The team across town has been involved in plenty of online speculation regarding Yelich, too. But while the White Sox have a tremendous amount of minor league talent, they might not be far enough along in their rebuild to part with any of their highly rated young players until they know exactly what they have.

The Brewers, for what it's worth, had six of the top 100 prospects in baseball as of MLB Pipeline's most recent (and soon to change) rankings: the Nos. 13, 59, 81, 82, 86 and 97 guys. Is that enough to fetch Yelich? And is Yelich enough to put the Crew on even footing with the Cubs in 2018 and beyond? And what if Darvish takes the Brewers up on their offer?

All valid questions. But the biggest question involving the Brewers: Who's going to sponsor the sausage race?

Looking to take next step, Ian Happ hoping for more of what fueled his Cubs breakout

Looking to take next step, Ian Happ hoping for more of what fueled his Cubs breakout

Ian Happ knows 2018 is going to be different than 2017. That's why he's hoping it's the same.

Happ will be a big leaguer from Day 1 this season, the obvious biggest difference as he's prepared for the upcoming campaign. Happ didn't make his major league debut until May 13 last year, though he did so with a bang, homering in his first game against the St. Louis Cardinals. He burst onto the scene with a .357/.455/.786 slash line and seven extra-base hits in his first eight games.

But that was all part of proving he belonged at the major league level, something he won't have to worry about now that the calendar has turned.

After slashing .253/.328/.514 and belting 24 homers in his rookie season — one behind the 25 Billy Williams hit in his rookie season and two off the 26 Kris Bryant sent out in his rookie year — Happ's spot is safe, and that made for an entirely different offseason for the 23-year-old former Cincinnati Bearcat.

"Definitely a different offseason for me, just going through the process, getting ready to go to spring training, getting ready for the season instead of getting ready to compete and try to prove that I can be on the team," he said during the Cubs Convention earlier this month at the Sheraton Grand Chicago. "For me, definitely a more relaxed offseason.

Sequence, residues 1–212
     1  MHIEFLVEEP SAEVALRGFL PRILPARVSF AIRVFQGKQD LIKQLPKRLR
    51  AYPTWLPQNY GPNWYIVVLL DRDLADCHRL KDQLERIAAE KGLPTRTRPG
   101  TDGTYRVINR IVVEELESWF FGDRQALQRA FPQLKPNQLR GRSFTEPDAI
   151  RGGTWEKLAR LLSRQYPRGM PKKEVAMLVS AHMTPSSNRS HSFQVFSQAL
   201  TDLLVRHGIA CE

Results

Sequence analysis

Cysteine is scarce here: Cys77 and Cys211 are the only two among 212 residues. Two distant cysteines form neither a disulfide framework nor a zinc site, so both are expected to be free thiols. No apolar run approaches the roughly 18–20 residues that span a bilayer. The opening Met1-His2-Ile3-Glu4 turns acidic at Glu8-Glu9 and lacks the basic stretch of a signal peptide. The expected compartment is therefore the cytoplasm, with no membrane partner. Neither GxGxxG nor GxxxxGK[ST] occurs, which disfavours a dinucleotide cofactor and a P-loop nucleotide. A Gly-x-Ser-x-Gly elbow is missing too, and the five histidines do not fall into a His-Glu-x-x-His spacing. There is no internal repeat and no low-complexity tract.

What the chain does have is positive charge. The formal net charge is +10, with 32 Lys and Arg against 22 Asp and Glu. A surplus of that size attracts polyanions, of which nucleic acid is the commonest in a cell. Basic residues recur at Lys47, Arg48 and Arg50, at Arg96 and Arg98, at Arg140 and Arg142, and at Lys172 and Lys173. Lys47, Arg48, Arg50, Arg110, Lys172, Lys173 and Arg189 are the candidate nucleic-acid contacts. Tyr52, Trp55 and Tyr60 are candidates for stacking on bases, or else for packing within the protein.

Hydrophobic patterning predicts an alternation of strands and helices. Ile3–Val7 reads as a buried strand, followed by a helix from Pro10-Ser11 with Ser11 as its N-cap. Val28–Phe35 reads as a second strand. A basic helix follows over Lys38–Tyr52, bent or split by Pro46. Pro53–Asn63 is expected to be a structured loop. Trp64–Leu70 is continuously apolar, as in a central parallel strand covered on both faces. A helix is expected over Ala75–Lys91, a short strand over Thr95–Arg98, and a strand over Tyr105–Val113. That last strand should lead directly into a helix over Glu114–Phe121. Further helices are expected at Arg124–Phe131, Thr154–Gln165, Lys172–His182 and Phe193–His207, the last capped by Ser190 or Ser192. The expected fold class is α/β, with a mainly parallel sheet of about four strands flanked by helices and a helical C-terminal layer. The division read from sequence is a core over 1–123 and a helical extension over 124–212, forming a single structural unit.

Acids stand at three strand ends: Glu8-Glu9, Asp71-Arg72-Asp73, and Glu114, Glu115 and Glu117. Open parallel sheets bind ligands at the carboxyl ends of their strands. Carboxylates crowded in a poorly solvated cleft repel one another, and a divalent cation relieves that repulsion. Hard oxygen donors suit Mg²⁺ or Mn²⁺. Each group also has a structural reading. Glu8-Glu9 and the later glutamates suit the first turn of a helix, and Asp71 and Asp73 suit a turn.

"This offseason, just getting in good shape, trying to get ready to really enjoy spring training and mesh with these guys and see how much I can learn again. For me, going into the year, just want to help the team any way I can, same thing as last year, being as versatile as possible."

And so in the different comes hope for the same for Happ, who wants to again show the versatility that resulted in him playing five different positions in 2017.

The rookie became yet another utility man on Joe Maddon's roster full of those kinds of players. The mix-and-match manager values versatility in the field as much as anything, and he took full advantage with Happ, who played 54 games in center field, 44 at second base, 29 in left field, 14 in right field and even four at third base.

The roster, at least from a position-player standpoint, looks much the same as it did in 2017. And coming off a third straight trip to the penultimate round of baseball's postseason — and the World Series hangover that defined the first half of last season — Maddon will surely look to give his players rest where he can. Being able to plug in Happ all over the field helps in that effort.

Happ has actually been an oft-mentioned name this offseason, and not necessarily for what folks are expecting from him in 2018 and beyond. Instead, Happ has been a frequent subject of trade speculation. As of this writing, the Cubs have yet to acquire a top-of-the-line starting pitcher to replace Jake Arrieta, and the suggestion that a young position player — be it Happ, Kyle Schwarber, Javy Baez or Addison Russell — could be moved for a pitcher has been common.

Unsurprisingly, none of that chatter has affected Happ and he's ready to go with the rest of the Cubs' current roster.

"All of the media speculation, it's part of the deal, it's part of the gig," Happ said. "For me, I'm excited with the guys we've brought in and excited for what they'll put on the field this year."

But whether it's part of his motivation or not, if 2017's performance proved that Happ belonged at the big league level, then what he does in 2018 could go a long way in proving to outsiders that he belongs in the "untouchable" category and nowhere near future trade speculation.